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Saturday, 12 May 2012

Guest Blogger - Paul D. Brazill - Charlie Higson - The Godfather of Brit Grit?



Charlie Higson - The Godfather of Brit Grit? by Paul D. Brazill

At some point in the ‘90s, I was on the guest list for a press screening of Robert Benton’s crime drama, Twilight. The screening was in Mr Young’s Preview Theatre in the heart of London’s Soho.

It was a dangerous thing to invite me to; there was free food and drink. But there you go! 

Various press types were there, including an American with a grating voice and the great Kim Newman - who was being as witty and funny and clever as you’d want.

Just before the film was due to start, a figure in a shabby raincoat and carrying a rattling, clinking plastic bag turned up.

It was Charlie Higson, who at the time was film critic for Red Magazine. Higson sat behind me during the film and, it seemed to my booze sensitive ears, worked his way through a fair number of the bottles of beer that were in the carrier bag.

Higson, at that time, was best known as one of the stars and writers of The Fast Show – a brilliantly funny and bitter-sweet comedy sketch show that has been much imitated and never bettered. Now, he is probably best known as the author of the hugely successful Young James Bond YA books.

But he is also the writer of a bunch of dark and funny urban crime/ horror novels that led him to be described as “The missing link between Dick Emery and Bret Easton Ellis”.
 
King Of The Ants, his 1992 début novel, is the story of Sean, a pretty useless builder’s labourer, who covets the rich peoples’ homes that he works on and is offered a dodgy surveillance job which then turns into a contract kill. And worse.

King Of the Ants was praised by the great Patricia Highsmith, no less, and the praise is deserved. It is a classic piece of Brit Grit noir, full of bitterness, resentment and underachievement. And humour.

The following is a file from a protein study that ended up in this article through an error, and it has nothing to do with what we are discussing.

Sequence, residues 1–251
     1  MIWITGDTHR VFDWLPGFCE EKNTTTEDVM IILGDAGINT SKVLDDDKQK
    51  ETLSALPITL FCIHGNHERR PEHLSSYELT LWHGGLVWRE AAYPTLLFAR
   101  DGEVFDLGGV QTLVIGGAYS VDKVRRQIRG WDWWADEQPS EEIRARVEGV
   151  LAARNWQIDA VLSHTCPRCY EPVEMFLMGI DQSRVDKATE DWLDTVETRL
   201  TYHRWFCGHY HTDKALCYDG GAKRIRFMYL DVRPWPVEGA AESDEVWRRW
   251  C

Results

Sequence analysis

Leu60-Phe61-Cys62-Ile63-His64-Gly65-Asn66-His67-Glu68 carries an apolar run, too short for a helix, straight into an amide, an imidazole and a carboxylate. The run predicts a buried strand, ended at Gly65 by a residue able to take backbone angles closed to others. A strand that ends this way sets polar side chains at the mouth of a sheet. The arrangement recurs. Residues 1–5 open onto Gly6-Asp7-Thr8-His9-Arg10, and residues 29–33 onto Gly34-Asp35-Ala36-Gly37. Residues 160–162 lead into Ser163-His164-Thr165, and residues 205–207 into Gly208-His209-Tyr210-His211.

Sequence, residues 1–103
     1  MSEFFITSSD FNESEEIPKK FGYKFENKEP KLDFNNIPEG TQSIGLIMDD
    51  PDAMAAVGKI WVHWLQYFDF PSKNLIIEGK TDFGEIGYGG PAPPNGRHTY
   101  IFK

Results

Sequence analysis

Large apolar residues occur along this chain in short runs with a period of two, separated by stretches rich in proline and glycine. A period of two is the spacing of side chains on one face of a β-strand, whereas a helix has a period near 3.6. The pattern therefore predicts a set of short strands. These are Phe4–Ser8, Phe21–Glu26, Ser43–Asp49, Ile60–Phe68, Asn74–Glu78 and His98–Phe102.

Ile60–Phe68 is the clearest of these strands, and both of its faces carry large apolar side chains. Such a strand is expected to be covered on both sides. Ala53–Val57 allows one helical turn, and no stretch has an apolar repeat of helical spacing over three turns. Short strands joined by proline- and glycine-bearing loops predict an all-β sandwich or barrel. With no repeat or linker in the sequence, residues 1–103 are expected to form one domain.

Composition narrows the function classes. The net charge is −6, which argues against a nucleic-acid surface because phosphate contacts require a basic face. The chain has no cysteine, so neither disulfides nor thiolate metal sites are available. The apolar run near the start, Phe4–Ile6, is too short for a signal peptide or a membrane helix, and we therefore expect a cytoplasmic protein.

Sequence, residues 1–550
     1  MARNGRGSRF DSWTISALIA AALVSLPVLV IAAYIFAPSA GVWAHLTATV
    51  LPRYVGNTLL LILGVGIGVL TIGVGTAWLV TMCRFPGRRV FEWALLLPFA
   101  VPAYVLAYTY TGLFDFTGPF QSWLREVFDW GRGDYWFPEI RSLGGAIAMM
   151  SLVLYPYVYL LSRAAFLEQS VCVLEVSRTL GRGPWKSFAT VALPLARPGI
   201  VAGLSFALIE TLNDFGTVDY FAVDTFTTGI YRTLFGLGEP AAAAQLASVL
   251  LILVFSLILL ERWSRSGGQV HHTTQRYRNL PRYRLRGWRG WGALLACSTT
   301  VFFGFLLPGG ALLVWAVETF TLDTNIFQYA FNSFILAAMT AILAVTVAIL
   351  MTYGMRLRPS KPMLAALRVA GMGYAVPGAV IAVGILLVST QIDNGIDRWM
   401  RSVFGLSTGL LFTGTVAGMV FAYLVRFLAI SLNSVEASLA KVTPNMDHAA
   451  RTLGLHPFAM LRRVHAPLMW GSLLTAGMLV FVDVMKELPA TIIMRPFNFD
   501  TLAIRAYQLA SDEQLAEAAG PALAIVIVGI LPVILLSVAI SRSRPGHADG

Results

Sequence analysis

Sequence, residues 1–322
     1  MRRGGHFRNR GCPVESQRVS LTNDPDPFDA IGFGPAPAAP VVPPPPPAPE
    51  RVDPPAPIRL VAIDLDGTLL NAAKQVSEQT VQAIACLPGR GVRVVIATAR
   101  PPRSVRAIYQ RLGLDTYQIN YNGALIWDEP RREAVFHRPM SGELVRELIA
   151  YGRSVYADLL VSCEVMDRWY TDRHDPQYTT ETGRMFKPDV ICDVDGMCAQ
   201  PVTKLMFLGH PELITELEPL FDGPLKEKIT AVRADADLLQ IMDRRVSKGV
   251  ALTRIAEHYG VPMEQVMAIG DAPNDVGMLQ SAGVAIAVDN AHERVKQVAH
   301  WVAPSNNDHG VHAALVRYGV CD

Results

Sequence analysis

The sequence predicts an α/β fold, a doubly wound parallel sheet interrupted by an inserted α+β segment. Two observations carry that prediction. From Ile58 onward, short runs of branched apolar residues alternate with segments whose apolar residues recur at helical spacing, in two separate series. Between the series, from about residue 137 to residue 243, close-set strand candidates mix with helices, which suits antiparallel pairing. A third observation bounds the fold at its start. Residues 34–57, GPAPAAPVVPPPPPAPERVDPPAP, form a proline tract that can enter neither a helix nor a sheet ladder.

This was followed by more cracking books, including The Full Whack, the cruel and hilarious story of a former football hooligan who is trying to sort his life out when he encounters a couple of blasts from the past that are positively seismic.

Charlie Higson will probably be up for an OBE or something soon but don’t worry ‘bout the rocks that he’s got - Charlie Higson has TRUE BRIT GRIT.

Paul D. Brazill was born in England and now lives in Poland. He left school at sixteen, played bass guitar in a couple of early '80s post-punk bands and once saw Bert Kwouk very, very drunk. 

He started writing flash fiction & short stories at the end of 2008 and has had them published in various magazines and anthologies, including The Mammoth Book Of Best British Crime 8. 

He has since had two collections published -13 Shots Of Noir (Untreed Reads) & Snapshots (Pulp Metal Fiction). Pulp Press will be publishing his novella Guns Of Brixton soon and he has put together two anthologies, True Brit Grit, published by Guilty Conscience, and Drunk On The Moon, published by Dark Valentine Press. His blog is You Would Say That Wouldn’t You?

3 comments:

  1. Thanks very much to Paul for becoming my first guest blogger and offering a stimulating introduction to the writer concerned. Just wondering why he brought his own beer to an event that had free booze on hand!

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  2. And the linkage between humour and horror grows. I think Happy Now was the first novel of his I stumbled across and was surprised by just how harrowing it was. Good stuff.

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  3. Ta for letting me gatecrash, Col!

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